Today's Gospel: Mark 7:24-30
First-century Jews had such a contempt for Gentiles like the Syrophoenician woman in today’s Gospel that they would call them “dogs.” It was understood that the blessings from the New Covenant were to go first to the Jews and after the Resurrection, the blessings would extend to all nations.
We see this clearly in today’s Gospel reading. When the Gentile woman approaches Jesus to heal her daughter, Jesus says, “Let the children [the Jews] first be fed, for it is not right to take the children’s bread and throw it to the dogs [Gentiles]” (Luke 7:27). In fact, when this same story is recounted in the Gospel of Matthew, Jesus tells the woman, “I was sent only to the lost sheep of the house of Israel” (Matthew 15:24). In other words, Jesus is telling the woman that He needs to heal and bring the Jewish people to Him before the Gentiles.
Instead of becoming angry at the epithet, the Gentile woman shows tremendous humility and faith. She perseveres, “Yes, Lord; yet even the dogs under the table eat the children’s crumbs” (Luke 7:28), and Jesus heals her daughter.
I read today’s Gospel, and I picture all of us Catholics as the children at the table, eating to our hearts’ content. As members of the Body of Christ, we benefit from the gifts of the Church, the Eucharist, and all of the other sacraments. There’s a temptation to quarantine ourselves from the outside world and hoard the gifts for ourselves. When we don’t offer the dogs under the table even a scrap of our blessings, we become sick. When he was still a cardinal, Pope Francis warned the Church faithful to avoid this temptation.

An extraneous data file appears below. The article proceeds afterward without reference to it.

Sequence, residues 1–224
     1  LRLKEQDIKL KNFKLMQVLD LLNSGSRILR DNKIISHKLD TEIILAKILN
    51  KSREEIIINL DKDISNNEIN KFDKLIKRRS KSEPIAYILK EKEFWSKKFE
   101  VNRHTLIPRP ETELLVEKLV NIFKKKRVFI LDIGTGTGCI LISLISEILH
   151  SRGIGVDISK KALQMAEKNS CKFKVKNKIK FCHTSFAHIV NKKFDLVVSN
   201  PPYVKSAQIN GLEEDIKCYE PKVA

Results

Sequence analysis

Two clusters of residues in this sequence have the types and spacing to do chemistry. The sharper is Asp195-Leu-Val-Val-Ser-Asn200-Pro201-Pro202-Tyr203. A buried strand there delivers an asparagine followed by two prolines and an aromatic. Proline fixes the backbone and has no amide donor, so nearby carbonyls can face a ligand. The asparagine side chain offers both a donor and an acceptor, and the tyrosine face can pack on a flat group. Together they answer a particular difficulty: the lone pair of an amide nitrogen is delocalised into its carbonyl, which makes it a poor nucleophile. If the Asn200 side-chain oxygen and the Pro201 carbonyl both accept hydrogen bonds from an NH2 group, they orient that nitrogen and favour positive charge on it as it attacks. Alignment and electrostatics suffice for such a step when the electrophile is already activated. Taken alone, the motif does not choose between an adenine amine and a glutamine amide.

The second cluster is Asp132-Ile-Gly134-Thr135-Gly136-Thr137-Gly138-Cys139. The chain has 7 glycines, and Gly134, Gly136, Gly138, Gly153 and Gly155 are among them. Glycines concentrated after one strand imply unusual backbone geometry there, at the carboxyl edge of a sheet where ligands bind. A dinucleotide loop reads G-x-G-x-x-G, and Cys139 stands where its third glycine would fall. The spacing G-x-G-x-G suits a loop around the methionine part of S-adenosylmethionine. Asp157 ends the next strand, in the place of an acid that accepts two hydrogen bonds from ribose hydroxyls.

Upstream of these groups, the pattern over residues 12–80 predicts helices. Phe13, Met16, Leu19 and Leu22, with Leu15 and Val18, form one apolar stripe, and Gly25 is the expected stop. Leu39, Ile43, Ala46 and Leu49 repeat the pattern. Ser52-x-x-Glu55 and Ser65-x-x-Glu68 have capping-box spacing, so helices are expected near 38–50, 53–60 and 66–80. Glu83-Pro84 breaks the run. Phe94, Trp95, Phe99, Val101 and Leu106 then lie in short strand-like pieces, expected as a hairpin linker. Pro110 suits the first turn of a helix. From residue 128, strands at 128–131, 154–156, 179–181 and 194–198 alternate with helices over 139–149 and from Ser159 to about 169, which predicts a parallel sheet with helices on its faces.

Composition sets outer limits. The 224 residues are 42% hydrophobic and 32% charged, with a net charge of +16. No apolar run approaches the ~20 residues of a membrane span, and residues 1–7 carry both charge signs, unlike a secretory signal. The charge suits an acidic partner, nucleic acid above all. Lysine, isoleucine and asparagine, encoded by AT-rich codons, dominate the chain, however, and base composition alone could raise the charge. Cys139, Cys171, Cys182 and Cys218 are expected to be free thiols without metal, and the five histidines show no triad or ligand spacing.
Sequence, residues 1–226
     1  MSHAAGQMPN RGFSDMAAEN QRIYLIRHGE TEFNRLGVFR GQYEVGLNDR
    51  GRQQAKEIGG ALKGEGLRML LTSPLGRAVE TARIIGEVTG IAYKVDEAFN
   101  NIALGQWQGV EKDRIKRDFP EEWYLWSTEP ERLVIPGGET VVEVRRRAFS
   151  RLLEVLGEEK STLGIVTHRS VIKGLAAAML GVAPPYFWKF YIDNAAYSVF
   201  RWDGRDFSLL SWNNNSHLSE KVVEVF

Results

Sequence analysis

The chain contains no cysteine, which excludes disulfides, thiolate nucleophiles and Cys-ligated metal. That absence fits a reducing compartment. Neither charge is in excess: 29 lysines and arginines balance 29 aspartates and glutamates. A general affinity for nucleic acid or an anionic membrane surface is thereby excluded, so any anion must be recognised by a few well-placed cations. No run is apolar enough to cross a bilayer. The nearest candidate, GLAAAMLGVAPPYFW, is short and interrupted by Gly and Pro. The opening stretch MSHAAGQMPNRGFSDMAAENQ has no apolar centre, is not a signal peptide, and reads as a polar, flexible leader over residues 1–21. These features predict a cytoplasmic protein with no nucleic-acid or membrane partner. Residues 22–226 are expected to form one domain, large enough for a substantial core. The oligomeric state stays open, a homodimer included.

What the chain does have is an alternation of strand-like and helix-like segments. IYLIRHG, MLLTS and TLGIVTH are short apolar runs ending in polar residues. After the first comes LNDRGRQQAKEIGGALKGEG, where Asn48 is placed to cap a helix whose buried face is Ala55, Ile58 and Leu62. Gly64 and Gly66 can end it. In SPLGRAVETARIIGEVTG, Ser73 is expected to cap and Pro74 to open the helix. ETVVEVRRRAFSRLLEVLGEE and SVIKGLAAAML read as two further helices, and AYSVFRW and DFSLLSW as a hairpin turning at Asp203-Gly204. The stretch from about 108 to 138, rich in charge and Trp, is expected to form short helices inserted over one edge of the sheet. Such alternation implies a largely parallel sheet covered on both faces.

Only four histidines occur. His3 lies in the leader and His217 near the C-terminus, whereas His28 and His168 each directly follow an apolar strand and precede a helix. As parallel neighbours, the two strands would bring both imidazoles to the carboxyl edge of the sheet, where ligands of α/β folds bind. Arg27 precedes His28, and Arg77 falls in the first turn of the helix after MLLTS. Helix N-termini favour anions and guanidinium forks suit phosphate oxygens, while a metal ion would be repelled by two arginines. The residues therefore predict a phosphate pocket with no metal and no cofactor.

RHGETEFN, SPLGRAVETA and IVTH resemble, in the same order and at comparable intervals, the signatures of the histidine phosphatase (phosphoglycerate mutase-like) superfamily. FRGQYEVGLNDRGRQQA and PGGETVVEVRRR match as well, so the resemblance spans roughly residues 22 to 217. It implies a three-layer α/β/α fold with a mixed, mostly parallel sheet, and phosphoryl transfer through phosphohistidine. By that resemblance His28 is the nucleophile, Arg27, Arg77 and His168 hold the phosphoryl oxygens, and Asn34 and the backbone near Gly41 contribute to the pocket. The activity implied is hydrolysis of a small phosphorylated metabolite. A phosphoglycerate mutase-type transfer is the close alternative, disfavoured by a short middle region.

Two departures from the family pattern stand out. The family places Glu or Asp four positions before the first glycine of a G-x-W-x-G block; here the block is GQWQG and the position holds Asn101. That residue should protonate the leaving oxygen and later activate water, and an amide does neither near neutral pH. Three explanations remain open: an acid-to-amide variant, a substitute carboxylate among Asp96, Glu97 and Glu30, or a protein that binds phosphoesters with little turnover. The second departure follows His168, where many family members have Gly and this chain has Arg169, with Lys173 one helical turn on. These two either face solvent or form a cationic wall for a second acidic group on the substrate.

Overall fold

“We need to come out of ourselves and head for the periphery. We need to avoid the spiritual sickness of a Church that is wrapped up in its own world: when a Church becomes like this, it grows sick. It is true that going out onto the street implies the risk of accidents happening, as they would to any ordinary man or woman. But if the Church stays wrapped up in itself, it will age. And if I had to choose between a wounded Church that goes out onto the streets and a sick withdrawn Church, I would definitely choose the first one.”
Does my everyday life attract others to join at the banquet table—even if it’s just for a scrap? If not, what do I need to ask God to help me change about myself?
Lord, please help me to open up the doors of your Church and find those seeking even just a crumb of your Love. Somehow, use me to show others how much you love them and help me to always share Truth with Love. Bless me with the humility and perseverance of the woman in today’s Gospel. May I always seek you and trust in your Divine Mercy. Amen.
We thank our friends at The Word Among Us for providing our gospel reflection team with copies of Abide In My Word 2015: Mass Readings at Your Fingertips. To pray the daily gospels with this wonderful resource, visit The Word Among Us.
Copyright 2015 Catherine Boucher
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